Printed collateral: balancing copy and design to create killer content
If your collateral is just one of the 10,000 advertising messages that the average person sees every day, how are you going to cut through? There are digital options, of course, social media marketing, banner ads and email campaigns to consider – but traditional print advertising is alive and well, too. After all, while 80% of emails linger unloved and unopened in overflowing inboxes, 80% of traditional mail is opened.
Some research has even shown that readers are more likely to pay attention to print (38%) vs digital (25%) advertising, find print (39%) more interesting than digital (28%) and say that it is easier to understand (52%) than its digital equivalent (37%)
So in this piece of (yes, we know) digital content, we’re going to celebrate the powers of print and tell you how we, here at Soap, balance copy and design to create killer collateral for our clients.
It may sound obvious, but copy and design need to work together. We like to think of it as collaborative content. There’s no point having a beautiful layout if no-one can figure out how to actually buy the product, and vise versa, nothing will kill a perfect headline faster than some shoddy stock photography. So while there are pros and cons of starting with one or the other, we find a collaborative approach to content creation, where both elements can evolve to compliment the other as the project progresses, usually results in the smoothest process and the most effective outcome.
If a client comes to us with loads of copy for a small leaflet or ad, we’re not afraid to pick up the phone and have a chat about why that many words may not work. We have even been known toquickly mock up designs with too much copy on to show the need for an edit. This can save our clients’ both time and money by avoiding unnecessary rounds of redesigning as the project progresses.
But how much copy is too much copy? Most successful printed collateral can be split into three sections to follow the rule of thirds;
• Top third: hero image or headline – what is it?
• Centre third: a few short, snappy USPs – why do I want it?
• Bottom third: a clear call to action – what should I do about it?
Ensuring that copy clearly and succinctly answers these questions and are designed within these spatial boundaries will result in collateral that looks great and clearly conveys key messages. If in doubt: edit! As the saying goes, less is more.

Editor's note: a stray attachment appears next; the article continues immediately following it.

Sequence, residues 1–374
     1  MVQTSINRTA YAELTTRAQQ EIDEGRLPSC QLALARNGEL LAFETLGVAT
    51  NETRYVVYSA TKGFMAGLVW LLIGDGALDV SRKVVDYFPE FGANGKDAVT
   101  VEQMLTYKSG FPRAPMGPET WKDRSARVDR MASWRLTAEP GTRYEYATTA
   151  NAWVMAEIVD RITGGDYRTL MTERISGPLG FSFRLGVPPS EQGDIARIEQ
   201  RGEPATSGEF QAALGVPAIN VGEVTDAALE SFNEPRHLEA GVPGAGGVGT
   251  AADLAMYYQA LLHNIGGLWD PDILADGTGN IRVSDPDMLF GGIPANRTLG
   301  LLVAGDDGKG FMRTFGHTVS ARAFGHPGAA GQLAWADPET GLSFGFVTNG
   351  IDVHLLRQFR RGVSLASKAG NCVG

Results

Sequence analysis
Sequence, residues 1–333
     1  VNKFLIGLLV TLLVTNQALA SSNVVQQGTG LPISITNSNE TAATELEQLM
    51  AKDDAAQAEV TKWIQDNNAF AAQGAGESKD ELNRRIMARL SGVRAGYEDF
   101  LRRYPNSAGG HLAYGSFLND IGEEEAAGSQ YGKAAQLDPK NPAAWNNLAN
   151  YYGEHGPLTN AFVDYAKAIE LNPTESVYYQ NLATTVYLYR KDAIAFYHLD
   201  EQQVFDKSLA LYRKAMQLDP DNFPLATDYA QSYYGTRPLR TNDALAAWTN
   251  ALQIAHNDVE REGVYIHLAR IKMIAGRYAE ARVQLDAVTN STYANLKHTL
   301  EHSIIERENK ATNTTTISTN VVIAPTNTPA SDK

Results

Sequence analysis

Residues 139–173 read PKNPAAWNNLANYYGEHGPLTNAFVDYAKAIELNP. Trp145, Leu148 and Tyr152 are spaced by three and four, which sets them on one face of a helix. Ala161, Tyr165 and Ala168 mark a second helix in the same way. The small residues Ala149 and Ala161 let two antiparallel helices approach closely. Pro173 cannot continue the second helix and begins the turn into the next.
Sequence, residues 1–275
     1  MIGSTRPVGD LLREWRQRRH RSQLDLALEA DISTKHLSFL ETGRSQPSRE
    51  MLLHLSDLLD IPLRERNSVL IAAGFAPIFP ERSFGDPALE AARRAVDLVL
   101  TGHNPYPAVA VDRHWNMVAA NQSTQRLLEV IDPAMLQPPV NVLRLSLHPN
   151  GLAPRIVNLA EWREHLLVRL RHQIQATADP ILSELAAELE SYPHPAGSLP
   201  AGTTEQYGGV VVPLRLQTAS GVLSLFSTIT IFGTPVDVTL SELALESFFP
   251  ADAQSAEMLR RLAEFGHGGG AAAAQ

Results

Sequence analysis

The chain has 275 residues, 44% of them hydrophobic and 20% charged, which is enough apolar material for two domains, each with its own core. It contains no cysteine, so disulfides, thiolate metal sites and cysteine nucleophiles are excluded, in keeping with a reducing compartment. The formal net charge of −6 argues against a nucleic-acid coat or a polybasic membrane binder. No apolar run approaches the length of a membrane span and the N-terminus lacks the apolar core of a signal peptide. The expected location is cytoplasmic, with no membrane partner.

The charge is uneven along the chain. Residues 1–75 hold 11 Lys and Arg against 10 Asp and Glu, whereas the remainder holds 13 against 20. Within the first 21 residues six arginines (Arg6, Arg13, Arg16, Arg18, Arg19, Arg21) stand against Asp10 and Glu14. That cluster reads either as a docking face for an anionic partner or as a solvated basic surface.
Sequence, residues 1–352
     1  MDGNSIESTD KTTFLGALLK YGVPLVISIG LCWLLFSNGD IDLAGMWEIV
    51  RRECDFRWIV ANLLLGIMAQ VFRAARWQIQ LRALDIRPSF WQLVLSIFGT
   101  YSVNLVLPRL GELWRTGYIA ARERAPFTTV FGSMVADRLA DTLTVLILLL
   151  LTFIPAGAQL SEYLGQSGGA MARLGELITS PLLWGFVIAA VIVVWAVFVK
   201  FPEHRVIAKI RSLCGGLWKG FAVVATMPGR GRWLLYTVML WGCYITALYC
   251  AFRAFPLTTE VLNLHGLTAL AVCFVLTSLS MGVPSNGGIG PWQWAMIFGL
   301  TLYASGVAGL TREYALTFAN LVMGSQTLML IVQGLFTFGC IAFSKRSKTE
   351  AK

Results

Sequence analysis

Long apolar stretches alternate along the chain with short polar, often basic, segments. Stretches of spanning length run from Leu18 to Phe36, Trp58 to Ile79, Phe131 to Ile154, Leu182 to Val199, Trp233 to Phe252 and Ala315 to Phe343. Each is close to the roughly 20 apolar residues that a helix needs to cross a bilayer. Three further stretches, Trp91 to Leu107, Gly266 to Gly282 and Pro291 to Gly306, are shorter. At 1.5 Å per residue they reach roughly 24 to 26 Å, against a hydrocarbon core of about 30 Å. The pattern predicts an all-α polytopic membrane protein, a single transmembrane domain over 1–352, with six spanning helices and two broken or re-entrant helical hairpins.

That said, there are exceptions to every rule and great printed collateral will always take the intended size and location into account and be designed to meet the audience where they are. For example, large format posters need to be designed to be viewed from a distance with probably a very short dwell time and so may only include ‘top third’ content. Whereas A4 brochures may be able to go into more detail on ‘centre third’ content, since the format is hand held and more easily digested. An A5 leaflet from the same campaign could include the same USPs as the A4 brochure, but switch to bullet points rather than block copy to meet the needs of the smaller size.
Every piece of collateral is unique so we make sure we approach them as such. For instance, nothing below thigh height on an exhibition banner will be noticed at a busy event and legal compliance requires a financial organisation to pack loads of detail into even the smallest leaflet. There are loads of super specific size and location needs that we have learnt over the years of working across multiple sectors – the key is to make sure the content matches the audience.
No matter the size of the printed collateral, when we’re creating multiple types of collateral for one campaign, we make sure that there is content (i.e. design and copy) consistency across the campaign. Flex your content to meet different collateral needs but make sure you maintain a unified campaign look, feel, tone of voice and set of key messages.
Remember that in print there is no endless scrolling so with a finite amount of time and space to play with, your information hierarchy needs to be on point. Western audiences will consume collateral from top to bottom and left to right so positioning of key messages should reflect this.
Here at Soap, we love getting into the nitty gritty of layout, colour, form and imagery – but we know that great copy is a vital ingredient, too. As designers, we can elevate copy from ‘words on a page’ to content with real power and purpose to create printed collateral that really packs a punch. And we think that’s exactly what our clients deserve.
If you are working on a campaign with a printed element, why not give us a call to see how our team can take your collateral from average to amazing?